While the goodbyes were too brief to be too emotional in the moment due to the rush, one rounded end to the trip was things falling apart. My sunglasses were broken already, but then my tights started tearing at the seams, as too my rash vest and travel towel. My flips-flops are breaking and I left my rockpool shoes (brought for reef surfing) in Sri Lanka because they were fucked and full of sand that somehow wouldn’t budge. In an innocuous yet poignant moment, accentuated by the many Lion beers consumed the night before, I finished my 200ml bottle of Lifeventure All Purpose Soap yesterday. It doesn’t sound like a big thing, but that stuff is incredible and I can’t recommend it enough. It’s biodegradable, not overly expensive, and you can use it on your hair, skin, to wash food, hands, clothes, and I’m pretty sure if you ran out of Colgate it’d do a job. Just 200ml lasted me six years; I got that bottle just before the trip to India in 2014 and it saw me through that and many other trips as well. Being tossed into the recycling bin doesn’t seem like a proper burial for such an instrumental little bottle. Also, my North Face wallet is more or less the skeleton of its former waterproof self now. But the worst item hit was my one pair of shoes I brought. After using them just twice on the trip after realising flip-flops and bare feet are the only way in Sri Lanka, I packed them in the bottom of my big rucksack early on. I thought they were fully dry when I did so. But after the big yellow moon guided us to the terminal building along the Heathrow runway upon touching down, and my toes almost instantly turned to icicles this morning when stepping onto the shockingly cold 5.30am February English soil wearing shorts, a t-shirt, and flip-flops, I was rubbing my hands together at the prospect of getting into the toilet cubicle (always) and popping on my fabric Reebok’s. I took my rucksack from the baggage drop and removed the carrier bag in the loo, unravelled it, and was hit with a putrid smell. When I peered into the black bag, I saw my blue trainers were mottled with white, brown, and yellow patches of mold. The heat in Sri Lanka must’ve meant the semblance of moisture left on them when they were packed away led to their doom. I had to throw them in the bin and wander the airport and take the tube in flip-flops (only footwear left out of three pairs) and socks (just no other option ... this is why I don't have Instagram). Apologies to all those offended. If it helps, karma has stung me because I’ve gone from not wearing more than a single layer over my torso all month to having to have five on, and still shivering, as I sit in King’s Cross waiting for my train to even colder climes in the North. But more generally too, my body feels rough. Definitely not quite one of those fully refreshing and relaxing holidays, owing to the booze, the tiredness from being on a plane all night, and sores on my chest from lying on a surfboard for too long for too many days (yet still not enough days). Also, sea lice must’ve gotten trapped in my rash vest on more than one occasion because what I thought to be mosquito bites during the night turned out to be from those little scumbags instead, I found out from a friend. It really is like chickenpox on my back and proper itchy at times. Still, nothing a stern Yorkshire brew can’t help resolve once I'm back home.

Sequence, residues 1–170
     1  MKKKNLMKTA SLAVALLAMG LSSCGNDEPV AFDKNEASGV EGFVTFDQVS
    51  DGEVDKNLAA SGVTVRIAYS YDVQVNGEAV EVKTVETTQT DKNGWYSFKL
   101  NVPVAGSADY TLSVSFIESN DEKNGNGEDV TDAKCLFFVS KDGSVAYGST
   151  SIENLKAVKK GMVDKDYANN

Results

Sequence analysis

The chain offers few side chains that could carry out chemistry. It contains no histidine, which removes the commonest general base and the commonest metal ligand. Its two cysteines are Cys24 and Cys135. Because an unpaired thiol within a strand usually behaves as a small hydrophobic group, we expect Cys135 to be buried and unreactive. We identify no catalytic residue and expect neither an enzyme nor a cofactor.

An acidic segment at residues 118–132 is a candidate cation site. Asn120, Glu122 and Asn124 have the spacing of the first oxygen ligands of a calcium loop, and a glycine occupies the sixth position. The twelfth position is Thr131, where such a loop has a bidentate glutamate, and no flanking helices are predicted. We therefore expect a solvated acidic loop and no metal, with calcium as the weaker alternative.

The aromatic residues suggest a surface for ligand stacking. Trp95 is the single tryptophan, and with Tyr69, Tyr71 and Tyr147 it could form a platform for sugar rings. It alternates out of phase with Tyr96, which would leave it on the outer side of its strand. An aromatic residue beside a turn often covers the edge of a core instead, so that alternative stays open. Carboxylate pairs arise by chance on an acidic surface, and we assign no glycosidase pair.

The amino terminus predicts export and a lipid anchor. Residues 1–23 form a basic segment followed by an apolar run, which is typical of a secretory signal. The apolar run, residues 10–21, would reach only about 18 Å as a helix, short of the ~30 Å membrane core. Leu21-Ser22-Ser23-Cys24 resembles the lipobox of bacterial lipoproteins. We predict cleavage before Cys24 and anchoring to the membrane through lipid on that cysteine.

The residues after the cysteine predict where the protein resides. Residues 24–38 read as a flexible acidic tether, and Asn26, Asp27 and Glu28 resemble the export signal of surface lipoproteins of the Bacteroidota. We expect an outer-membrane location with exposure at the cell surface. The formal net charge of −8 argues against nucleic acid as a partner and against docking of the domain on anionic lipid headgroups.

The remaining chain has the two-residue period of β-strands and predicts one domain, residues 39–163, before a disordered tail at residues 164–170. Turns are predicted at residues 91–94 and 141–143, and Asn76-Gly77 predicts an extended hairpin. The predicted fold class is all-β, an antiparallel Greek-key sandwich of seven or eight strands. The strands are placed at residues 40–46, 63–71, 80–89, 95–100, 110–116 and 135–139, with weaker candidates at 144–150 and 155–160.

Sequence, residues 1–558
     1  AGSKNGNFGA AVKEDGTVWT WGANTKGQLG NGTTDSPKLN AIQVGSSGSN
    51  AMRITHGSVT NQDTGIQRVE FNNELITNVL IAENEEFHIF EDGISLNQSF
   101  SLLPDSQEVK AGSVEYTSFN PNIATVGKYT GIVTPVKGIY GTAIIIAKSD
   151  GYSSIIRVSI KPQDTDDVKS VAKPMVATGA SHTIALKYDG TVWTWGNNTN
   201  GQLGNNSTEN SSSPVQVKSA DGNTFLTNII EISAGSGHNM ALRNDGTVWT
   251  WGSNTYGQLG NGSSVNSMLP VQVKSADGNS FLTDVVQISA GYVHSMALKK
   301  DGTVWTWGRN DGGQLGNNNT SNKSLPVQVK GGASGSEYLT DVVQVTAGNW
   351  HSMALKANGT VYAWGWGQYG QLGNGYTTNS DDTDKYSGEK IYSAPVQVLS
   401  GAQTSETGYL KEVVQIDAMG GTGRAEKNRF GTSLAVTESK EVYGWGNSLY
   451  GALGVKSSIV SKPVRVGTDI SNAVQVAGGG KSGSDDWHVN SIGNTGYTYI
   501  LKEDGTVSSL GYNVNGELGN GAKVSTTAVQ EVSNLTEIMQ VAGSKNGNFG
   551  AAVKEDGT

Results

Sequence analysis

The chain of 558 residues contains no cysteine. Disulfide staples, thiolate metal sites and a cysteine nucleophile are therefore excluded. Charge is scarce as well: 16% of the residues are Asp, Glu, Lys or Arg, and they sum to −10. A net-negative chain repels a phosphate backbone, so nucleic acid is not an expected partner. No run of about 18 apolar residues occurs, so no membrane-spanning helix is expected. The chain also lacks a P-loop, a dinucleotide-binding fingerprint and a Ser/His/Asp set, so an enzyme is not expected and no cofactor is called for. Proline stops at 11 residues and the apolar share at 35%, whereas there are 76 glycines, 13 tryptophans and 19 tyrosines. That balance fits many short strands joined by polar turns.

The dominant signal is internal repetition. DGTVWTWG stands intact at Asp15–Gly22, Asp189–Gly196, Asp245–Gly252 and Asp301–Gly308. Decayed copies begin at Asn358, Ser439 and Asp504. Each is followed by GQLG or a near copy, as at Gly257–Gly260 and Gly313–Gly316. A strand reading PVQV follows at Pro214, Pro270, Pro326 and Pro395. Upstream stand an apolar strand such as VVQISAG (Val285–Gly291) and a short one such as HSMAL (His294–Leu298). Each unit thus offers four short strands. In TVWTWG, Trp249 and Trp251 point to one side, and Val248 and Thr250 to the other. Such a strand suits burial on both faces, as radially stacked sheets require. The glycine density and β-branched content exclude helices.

Along with The Catcher in the Rye by J. D. Salinger, Things Fall Apart by Chinua Achebe is one of my favourite books. Definitely read it for a rich and shocking plot with real poignancy. But I ditched another of Achebe's books, Arrow of God, at the hostel book swap, along with a non-fiction text on cycling I couldn’t get going with. This, combined with using stuff up and having to throw some things away before the flight, means my rucksack is about half the weight it was when I departed in early January. I’m really nimble getting around now, especially thanks to my socks and flops. However, while this fits neatly into the context of things figuratively and literally falling to bits, it doesn’t feel neat. It sucks. I’m looking forward to seeing people at home but gutted to have left Weligama. At lunchtime on that last full day a group of us convened at Hangtime, and while laughing genuinely and purely through a game of What Do You Meme?, I’m pretty sure I resolved to take another trip out this year, everything permitting. The month has absolutely flown past and I didn’t want it to end. Though right now the last thing I want to do is step back on a plane – especially after my in-flight entertainment screen was broken and closed itself down every so often on both legs of the journey back from Colombo to Heathrow (via Muscat again), meaning it took five hours spread over two flights to watch The Revenant (worth it) – I want to get out there again. Soon.
I think it’s a matter of perspective as well though. As much as I’m not looking forward to getting home too much, it is always nice to come back, see what might have changed (even over the course of one month in a village), and, especially after things have fallen apart, it’s a chance to rebuild. Or start something new. Maybe I’ll finally get some luck on the job front or a break with the writing. On the topic of new things, or, reverting back to old things more accurately, something I’ve genuinely found refreshingly nice is not having data on my phone abroad. Okay, some will hate me for that comment because I’m not the best at replying regardless, but I see now how much better it is just to see people face-to-face and spend the time in between looking at the world and not a little screen (ah, gap yah epiphany). It really has been nice to not have that constant little nag that something on my phone could be interesting, or relevant, or I could contact someone about something, because it hasn’t even been possible to do that. All communication had to be done at the hostel, where there was WiFi, or in person. I loved it, though maybe this is just a holiday thing. I’ll probably find myself reading the latest Star Wars conspiracy article in earnest on my next wait at a bus stop. But I hope not.
Finally, a word on Sri Lanka. I would definitely recommend it as a place to travel for anyone. It’s not too big of a country, so you can see lots in a small space of time, people are generally really friendly, it’s cheap, it’s warm, it’s blessed with incredible natural beauty but you can also live in the chaos of an Asian city, such as Colombo or Kandy (albeit diluted compared to some in India, or Bangkok, for example), and you can surf at any level! I’m really considering heading back same time next year. There are places I didn’t visit – Sigiriya, Adam’s Peak, and beautiful beaches like Hiriketiya, Tallala, and Tangalle – and places I still need to surf – Plantations, MarshMellows, and Coconuts. Some of this stuff I consciously left out as an excuse to come back. It’s that kind of affecting place. So … anyone want to join?